Negatives? Truthfully our apartment was not much more than a large room. Yes, it had a rudimentary kitchen, but the lack of cooking equipment and dining table limited prep to nothing more ambitious than an aperitivo. And if views are important, be careful to specify a room, which actually has one through the floor-to-ceiling glass. Behind the ethereal, light-diffusing, complexion-enhancing drapes in ours was the back wall of a neighbouring block with lot of mechanical and electrical clutter. Better to draw the curtains and tackle the challenge presented by the several full-size bottles of French Champagne in the fridge. And think about dinner.
Portrait has its own restaurant, but with our favourite Florentine haunts only a stroll away we went out. Turn left out of Portrait, right across the Ponte Vecchio, then immediately left by the church of Santa Felicita (with Pontormo’s Greatest Hits inside). No more than five minutes, even if you dawdle. In a tiny, quiet square is Le Volpi e l’Uva, Florence’s best wine bar. I recommend you eat bruschetta absurdly overloaded with tomatoes and olives and glistening with divine oil. This always gives me a Proustian return to my dear mother’s tomato sandwiches and reminds me why I found Florence wonderful in the first place. The cheese and sausage bruschetta is just as good. An alternative? Turn right out of Portrait, right again near Tornabuoni to find Coco Lezzone: here is unimproved cucina da nonna under tourist-repellent harsh light. Not specially fine, but indisputably wonderful. Breakfast? Left and left again to Gilli in Piazza della Repubblica, Florence’s favourite caffe since 1733. Don’t sit. Stand at the bar (al banco) as the locals do. (It’s also cheaper.)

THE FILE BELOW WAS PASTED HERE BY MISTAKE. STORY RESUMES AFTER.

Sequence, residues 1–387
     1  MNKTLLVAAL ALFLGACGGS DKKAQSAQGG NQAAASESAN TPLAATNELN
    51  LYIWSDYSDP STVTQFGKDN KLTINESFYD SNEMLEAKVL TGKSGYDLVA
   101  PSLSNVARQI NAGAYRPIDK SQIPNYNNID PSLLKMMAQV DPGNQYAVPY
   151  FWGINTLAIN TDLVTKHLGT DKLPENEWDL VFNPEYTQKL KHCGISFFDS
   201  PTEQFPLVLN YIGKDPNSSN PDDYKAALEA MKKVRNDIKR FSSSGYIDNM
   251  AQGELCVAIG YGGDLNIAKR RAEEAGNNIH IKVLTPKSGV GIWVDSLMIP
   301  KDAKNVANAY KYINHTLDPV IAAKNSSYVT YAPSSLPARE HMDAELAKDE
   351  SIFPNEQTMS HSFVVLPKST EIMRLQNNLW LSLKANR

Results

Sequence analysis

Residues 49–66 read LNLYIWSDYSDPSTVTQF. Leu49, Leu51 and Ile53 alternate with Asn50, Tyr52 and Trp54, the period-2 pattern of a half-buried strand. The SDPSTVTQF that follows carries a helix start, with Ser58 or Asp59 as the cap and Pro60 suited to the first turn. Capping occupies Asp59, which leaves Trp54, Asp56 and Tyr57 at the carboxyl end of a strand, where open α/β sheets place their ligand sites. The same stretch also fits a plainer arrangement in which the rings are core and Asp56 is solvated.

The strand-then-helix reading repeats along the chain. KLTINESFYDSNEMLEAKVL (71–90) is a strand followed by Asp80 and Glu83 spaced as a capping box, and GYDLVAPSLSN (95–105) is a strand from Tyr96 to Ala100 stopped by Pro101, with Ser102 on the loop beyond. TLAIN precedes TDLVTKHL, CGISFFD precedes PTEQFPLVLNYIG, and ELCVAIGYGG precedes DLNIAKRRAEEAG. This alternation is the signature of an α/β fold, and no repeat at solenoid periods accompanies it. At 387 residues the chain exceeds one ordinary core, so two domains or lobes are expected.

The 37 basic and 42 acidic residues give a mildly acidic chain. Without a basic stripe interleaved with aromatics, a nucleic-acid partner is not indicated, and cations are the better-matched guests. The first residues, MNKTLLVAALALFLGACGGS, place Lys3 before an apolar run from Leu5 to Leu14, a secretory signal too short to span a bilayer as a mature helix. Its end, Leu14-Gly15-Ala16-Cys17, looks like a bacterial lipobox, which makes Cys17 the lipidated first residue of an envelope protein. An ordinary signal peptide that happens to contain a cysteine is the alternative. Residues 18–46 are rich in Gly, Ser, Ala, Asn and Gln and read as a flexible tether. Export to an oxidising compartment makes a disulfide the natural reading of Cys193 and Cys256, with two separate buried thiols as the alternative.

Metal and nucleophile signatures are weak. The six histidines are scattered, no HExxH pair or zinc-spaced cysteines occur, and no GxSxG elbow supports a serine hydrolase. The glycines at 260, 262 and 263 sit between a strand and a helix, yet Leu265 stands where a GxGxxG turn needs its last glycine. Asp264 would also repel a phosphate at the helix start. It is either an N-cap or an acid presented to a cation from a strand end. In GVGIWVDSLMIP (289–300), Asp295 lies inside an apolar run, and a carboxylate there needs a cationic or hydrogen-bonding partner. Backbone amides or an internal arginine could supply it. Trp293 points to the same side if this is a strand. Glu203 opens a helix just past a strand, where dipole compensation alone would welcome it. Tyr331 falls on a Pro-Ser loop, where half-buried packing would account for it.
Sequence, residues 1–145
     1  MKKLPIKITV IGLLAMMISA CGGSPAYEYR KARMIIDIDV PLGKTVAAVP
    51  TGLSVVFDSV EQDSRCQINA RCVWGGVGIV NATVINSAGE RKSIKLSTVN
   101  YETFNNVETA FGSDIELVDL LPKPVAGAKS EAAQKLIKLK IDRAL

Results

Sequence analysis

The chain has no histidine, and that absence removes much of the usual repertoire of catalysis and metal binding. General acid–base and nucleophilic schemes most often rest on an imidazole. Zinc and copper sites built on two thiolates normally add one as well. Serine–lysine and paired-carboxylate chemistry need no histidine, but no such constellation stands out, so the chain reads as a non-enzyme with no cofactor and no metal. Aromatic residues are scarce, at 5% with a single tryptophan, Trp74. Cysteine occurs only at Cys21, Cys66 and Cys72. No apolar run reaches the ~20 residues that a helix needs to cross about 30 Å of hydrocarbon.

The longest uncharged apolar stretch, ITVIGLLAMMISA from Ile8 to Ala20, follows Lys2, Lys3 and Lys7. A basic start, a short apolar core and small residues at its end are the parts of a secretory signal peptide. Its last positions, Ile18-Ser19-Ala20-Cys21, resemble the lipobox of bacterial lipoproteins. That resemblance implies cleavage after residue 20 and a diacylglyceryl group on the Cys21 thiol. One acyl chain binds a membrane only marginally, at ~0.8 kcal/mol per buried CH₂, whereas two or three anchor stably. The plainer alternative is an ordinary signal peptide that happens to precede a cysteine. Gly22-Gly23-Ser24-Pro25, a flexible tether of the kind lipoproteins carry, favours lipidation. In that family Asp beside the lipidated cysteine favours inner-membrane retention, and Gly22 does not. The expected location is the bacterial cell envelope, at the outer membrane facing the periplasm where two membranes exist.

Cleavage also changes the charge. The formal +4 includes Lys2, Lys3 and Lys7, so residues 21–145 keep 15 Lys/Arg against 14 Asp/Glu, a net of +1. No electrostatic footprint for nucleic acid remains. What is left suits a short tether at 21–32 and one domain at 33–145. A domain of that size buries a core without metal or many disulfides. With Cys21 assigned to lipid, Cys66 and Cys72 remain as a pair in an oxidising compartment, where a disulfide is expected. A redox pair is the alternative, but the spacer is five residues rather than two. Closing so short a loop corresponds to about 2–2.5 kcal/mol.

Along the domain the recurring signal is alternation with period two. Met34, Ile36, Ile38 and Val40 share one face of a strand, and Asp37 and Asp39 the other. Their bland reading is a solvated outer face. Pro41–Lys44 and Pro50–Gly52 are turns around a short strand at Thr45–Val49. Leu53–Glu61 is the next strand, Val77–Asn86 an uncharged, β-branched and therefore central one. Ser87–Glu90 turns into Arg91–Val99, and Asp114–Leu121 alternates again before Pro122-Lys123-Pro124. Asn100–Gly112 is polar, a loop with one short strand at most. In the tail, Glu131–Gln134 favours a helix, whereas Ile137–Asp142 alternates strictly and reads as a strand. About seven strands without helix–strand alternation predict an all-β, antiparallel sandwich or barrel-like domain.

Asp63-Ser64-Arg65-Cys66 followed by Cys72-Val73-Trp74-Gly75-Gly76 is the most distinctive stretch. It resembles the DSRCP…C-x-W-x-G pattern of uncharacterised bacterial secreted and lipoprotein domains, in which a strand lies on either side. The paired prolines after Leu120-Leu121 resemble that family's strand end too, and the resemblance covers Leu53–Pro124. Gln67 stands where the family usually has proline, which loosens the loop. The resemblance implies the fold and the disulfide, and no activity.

I will return to Portrait, but without a car: incomparable bruschetta and incomparable Brunelleschi are just moments away on foot. The room without a view was my fault: I should have specified, and the space itself was ample compensation. In the ground-floor public space, the staff was notably discreet, efficient and helpful: ideal accomplices in any romantic adventure.And when I return, it will be in winter. The sense of absolute serenity in our apartment will be even more enjoyable when it is cold outside. I will remember that near Portrait is the ghost of Dante, still searching, many centuries later, for his Beatrice. One day my ghost will be there too, searching for Mrs Smith in her bath foam. The art-drenched dream that is Florence makes you say such things. And Portrait gives you the comfortable, fully serviced freedom to do so. That glass of cold vernaccia di San Gimignano, that scrunch of sheets... the beautiful memory makes me forget the traffic. Portrait made me realise that, if you are going somewhere wonderful, it is better to arrive than travel.